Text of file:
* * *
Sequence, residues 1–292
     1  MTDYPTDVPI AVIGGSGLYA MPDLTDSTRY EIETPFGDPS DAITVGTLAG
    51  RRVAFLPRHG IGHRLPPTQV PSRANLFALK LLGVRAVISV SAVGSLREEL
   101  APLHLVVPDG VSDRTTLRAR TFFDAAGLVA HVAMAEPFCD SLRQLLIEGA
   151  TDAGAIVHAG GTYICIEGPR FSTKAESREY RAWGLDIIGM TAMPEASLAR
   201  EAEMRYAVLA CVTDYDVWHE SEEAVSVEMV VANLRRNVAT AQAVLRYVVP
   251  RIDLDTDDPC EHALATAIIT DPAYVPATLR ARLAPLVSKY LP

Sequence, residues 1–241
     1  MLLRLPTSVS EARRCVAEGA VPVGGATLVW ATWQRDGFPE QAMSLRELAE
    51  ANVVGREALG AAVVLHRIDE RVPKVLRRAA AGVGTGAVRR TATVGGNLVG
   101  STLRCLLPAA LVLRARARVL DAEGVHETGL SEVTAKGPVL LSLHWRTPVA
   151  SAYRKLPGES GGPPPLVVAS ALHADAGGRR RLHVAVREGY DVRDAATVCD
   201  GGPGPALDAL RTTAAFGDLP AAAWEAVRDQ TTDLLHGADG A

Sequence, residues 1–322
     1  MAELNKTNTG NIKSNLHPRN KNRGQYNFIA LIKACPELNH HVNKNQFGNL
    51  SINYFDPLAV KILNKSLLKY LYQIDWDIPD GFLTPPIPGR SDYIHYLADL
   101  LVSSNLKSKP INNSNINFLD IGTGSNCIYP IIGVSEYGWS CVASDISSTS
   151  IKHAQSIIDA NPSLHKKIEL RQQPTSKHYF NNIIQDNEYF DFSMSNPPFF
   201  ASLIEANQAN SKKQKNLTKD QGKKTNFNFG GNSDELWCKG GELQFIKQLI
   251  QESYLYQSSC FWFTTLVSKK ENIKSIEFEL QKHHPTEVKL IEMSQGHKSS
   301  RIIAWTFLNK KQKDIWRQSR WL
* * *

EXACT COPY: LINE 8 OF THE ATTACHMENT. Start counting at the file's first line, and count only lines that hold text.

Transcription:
Sequence, residues 1–241